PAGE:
“Well, that’s not what our annual employee survey said last year.”

About two weeks ago, I was mid-way through a conversation with a senior leader about some culture issues at his company when he threw out this line. He had been having conversations with a few different employees at different levels about the same unspoken tension. But he couldn’t seem to reconcile their issues with the lack of any signs of it on last year’s annual engagement survey. So, I threw two questions at him:

“What percentage of your employees actually completed the survey?”

He told me about 25 percent, which was down from previous years.

“What percentage of those who took it actually believe it is anonymous?”

This one took a bit of explaining. He eventually realized that a survey emailed out to everyone’s company email address, despite claiming anonymity multiple times, might not actually be thought of by participants as truly anonymous. And if it’s not seen as truly anonymous, the employees who actually bother to respond might be disproportionately more likely to say good things and minimize criticism. Leaving constructive feedback or complaints might make them a target for more conversations, and most of the time they just want to be left alone to do their job.

Even after such a survey is completed, there are a lot of ways companies can erode whatever trust employees have in the annual survey. They can fail to share the results of the survey, and more importantly what was learned (if you ask for feedback and don’t follow up, you send a strong message that you don’t actually care for feedback). They can share the results, and then do nothing (which completely ignores the point since the survey should be about tracking progress, not just documenting). Or they can go on a search mission to uncover the sources of any discontent (which may be well meaning but will always feel like retaliation for speaking one’s mind).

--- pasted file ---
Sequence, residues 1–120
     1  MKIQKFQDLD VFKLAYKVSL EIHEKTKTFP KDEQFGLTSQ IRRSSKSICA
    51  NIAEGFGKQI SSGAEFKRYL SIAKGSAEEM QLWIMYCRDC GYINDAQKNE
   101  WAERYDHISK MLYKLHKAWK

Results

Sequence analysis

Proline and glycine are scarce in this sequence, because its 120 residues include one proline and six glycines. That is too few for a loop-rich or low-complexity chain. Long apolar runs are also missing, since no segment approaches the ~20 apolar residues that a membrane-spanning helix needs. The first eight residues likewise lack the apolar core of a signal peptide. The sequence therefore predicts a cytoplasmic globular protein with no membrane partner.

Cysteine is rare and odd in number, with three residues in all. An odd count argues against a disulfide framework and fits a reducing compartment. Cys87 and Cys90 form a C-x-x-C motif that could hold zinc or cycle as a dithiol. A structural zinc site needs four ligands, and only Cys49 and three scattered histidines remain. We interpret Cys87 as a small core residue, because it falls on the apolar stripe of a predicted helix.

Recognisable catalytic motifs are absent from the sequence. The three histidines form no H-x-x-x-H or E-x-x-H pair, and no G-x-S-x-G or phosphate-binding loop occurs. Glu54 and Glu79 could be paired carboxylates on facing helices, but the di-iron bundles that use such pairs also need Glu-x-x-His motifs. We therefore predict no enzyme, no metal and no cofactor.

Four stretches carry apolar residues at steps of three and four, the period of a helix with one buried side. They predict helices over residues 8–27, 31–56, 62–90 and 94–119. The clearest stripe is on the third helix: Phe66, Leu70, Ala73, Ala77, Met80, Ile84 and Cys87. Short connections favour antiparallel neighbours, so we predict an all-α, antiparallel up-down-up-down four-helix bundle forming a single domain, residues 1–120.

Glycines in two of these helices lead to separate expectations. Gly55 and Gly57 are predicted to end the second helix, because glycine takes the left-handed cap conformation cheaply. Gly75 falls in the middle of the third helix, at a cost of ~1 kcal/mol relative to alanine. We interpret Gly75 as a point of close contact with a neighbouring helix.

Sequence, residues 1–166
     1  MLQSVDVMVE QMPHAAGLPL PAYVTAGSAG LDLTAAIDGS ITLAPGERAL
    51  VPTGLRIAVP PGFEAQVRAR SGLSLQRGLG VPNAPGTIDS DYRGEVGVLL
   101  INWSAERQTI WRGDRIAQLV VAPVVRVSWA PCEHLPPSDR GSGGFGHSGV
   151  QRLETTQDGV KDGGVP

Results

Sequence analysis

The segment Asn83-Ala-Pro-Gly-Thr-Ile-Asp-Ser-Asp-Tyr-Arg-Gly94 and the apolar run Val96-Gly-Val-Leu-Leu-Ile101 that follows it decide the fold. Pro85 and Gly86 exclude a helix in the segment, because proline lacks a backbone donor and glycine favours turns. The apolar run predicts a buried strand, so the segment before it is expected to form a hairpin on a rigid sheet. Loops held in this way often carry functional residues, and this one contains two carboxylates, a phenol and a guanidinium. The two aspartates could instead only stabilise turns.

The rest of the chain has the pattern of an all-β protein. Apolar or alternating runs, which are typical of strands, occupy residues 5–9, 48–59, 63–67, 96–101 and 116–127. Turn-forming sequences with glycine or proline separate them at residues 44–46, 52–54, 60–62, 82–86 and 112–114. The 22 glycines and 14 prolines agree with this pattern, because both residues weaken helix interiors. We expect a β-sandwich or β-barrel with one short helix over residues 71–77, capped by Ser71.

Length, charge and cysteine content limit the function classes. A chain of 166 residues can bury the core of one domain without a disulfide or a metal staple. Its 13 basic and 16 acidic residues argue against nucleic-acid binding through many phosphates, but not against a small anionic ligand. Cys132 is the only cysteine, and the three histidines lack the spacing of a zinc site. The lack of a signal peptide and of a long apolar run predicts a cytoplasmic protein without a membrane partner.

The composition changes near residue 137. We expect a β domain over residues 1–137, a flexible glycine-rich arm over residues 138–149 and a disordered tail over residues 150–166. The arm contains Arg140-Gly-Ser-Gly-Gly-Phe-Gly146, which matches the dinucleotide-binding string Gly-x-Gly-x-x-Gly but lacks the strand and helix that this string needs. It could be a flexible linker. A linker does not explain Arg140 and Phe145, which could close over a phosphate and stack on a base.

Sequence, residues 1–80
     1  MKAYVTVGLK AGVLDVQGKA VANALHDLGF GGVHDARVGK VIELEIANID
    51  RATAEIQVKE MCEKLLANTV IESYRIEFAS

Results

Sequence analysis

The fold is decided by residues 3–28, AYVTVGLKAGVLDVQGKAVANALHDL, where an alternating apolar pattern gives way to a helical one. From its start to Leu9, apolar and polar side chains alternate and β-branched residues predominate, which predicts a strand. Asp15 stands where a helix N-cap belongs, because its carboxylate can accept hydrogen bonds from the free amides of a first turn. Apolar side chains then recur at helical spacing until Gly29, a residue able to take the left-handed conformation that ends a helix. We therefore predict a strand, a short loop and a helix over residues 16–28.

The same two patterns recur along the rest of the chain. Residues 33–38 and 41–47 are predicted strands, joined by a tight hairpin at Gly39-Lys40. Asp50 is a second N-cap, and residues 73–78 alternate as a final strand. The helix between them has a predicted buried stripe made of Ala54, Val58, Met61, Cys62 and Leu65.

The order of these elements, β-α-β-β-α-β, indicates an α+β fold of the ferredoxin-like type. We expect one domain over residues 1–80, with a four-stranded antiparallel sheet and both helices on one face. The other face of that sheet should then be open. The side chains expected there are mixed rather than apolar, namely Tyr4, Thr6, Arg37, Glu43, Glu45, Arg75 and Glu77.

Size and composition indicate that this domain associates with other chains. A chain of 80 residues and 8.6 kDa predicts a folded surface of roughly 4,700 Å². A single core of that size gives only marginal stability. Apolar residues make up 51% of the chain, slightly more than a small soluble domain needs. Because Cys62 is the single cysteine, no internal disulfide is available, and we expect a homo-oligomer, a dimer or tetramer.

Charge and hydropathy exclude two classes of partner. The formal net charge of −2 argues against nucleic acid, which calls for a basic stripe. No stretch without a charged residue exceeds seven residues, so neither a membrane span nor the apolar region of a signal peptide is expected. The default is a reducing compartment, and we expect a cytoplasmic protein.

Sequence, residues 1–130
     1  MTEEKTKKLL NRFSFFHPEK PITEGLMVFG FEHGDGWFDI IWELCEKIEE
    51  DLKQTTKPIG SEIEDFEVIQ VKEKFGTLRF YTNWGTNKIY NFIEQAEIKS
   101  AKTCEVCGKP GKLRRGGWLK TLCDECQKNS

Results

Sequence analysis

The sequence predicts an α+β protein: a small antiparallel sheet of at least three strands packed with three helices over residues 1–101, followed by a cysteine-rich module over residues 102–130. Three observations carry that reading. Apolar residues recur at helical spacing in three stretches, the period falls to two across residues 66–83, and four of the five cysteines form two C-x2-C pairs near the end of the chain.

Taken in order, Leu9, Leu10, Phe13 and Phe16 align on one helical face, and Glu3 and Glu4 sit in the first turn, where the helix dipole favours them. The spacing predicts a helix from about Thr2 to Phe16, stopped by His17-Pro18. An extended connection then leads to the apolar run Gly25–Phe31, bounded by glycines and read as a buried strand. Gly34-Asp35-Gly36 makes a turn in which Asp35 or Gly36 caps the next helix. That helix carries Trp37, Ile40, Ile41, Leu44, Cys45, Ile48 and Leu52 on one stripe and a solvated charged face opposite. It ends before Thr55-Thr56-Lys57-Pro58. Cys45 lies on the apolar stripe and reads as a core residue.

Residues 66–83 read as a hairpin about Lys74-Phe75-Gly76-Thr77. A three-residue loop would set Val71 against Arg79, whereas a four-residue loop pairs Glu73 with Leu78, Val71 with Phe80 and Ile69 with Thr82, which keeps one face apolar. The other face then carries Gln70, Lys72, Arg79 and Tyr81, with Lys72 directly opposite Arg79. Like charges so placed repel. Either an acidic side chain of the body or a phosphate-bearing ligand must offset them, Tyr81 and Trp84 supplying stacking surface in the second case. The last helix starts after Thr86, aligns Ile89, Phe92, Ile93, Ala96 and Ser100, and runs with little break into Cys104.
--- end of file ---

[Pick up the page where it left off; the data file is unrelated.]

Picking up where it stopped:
So maybe it’s time to stop running an annual survey altogether.

But that doesn’t mean you stop looking for feedback. It means you start focusing on a culture where people feel free to speak up at all times. When, like my executive friend, employees say something unexpected, don’t reject it because it doesn’t align with your existing thoughts. When they say nothing, seek out their opinions by asking questions like “What are a few changes that would make it easier for you to do a great job?”

My favorite quick culture change: Ban sayings like “don’t come to me with problems, come to me with solutions.” If you’re in management, it is literally your job to solve the problems that employees come to you with. And saying you only want solutions sends a strong message that you’ll likely kill the messenger.

So stop the annual employee survey and start focusing on building a culture where employees feel safe to speak their mind and heard when they do.

This article originally appeared on DavidBurkus.com and as an episode of the DailyBurk, which you can follow on YouTubeFacebookLinkedIn, or Instagram.